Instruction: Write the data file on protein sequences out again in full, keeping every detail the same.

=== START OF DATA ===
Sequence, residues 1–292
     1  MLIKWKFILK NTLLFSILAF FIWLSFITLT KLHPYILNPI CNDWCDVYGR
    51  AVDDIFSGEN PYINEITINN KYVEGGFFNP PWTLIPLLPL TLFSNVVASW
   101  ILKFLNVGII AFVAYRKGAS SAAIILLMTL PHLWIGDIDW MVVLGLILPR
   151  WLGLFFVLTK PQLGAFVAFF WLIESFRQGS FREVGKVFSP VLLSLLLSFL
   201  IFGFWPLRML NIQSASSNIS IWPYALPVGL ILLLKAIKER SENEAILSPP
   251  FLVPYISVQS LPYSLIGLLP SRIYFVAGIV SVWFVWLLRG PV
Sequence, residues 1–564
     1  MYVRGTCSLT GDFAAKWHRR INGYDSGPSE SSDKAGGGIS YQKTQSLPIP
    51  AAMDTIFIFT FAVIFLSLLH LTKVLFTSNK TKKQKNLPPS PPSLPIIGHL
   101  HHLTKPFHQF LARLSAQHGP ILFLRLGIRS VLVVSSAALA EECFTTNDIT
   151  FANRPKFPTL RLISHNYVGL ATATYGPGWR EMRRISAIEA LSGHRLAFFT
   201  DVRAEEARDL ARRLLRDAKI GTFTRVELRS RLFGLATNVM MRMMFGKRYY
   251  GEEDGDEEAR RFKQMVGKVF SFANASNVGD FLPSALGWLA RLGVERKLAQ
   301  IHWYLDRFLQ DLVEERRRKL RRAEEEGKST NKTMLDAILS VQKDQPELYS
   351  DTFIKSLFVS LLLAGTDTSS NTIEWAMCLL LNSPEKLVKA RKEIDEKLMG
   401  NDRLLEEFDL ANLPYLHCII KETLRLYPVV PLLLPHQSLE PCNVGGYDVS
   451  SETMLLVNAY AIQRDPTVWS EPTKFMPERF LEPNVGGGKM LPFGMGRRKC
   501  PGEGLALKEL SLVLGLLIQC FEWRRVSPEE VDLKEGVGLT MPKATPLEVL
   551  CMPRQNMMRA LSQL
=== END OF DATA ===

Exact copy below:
Sequence, residues 1–292
     1  MLIKWKFILK NTLLFSILAF FIWLSFITLT KLHPYILNPI CNDWCDVYGR
    51  AVDDIFSGEN PYINEITINN KYVEGGFFNP PWTLIPLLPL TLFSNVVASW
   101  ILKFLNVGII AFVAYRKGAS SAAIILLMTL PHLWIGDIDW MVVLGLILPR
   151  WLGLFFVLTK PQLGAFVAFF WLIESFRQGS FREVGKVFSP VLLSLLLSFL
   201  IFGFWPLRML NIQSASSNIS IWPYALPVGL ILLLKAIKER SENEAILSPP
   251  FLVPYISVQS LPYSLIGLLP SRIYFVAGIV SVWFVWLLRG PV
Sequence, residues 1–564
     1  MYVRGTCSLT GDFAAKWHRR INGYDSGPSE SSDKAGGGIS YQKTQSLPIP
    51  AAMDTIFIFT FAVIFLSLLH LTKVLFTSNK TKKQKNLPPS PPSLPIIGHL
   101  HHLTKPFHQF LARLSAQHGP ILFLRLGIRS VLVVSSAALA EECFTTNDIT
   151  FANRPKFPTL RLISHNYVGL ATATYGPGWR EMRRISAIEA LSGHRLAFFT
   201  DVRAEEARDL ARRLLRDAKI GTFTRVELRS RLFGLATNVM MRMMFGKRYY
   251  GEEDGDEEAR RFKQMVGKVF SFANASNVGD FLPSALGWLA RLGVERKLAQ
   301  IHWYLDRFLQ DLVEERRRKL RRAEEEGKST NKTMLDAILS VQKDQPELYS
   351  DTFIKSLFVS LLLAGTDTSS NTIEWAMCLL LNSPEKLVKA RKEIDEKLMG
   401  NDRLLEEFDL ANLPYLHCII KETLRLYPVV PLLLPHQSLE PCNVGGYDVS
   451  SETMLLVNAY AIQRDPTVWS EPTKFMPERF LEPNVGGGKM LPFGMGRRKC
   501  PGEGLALKEL SLVLGLLIQC FEWRRVSPEE VDLKEGVGLT MPKATPLEVL
   551  CMPRQNMMRA LSQL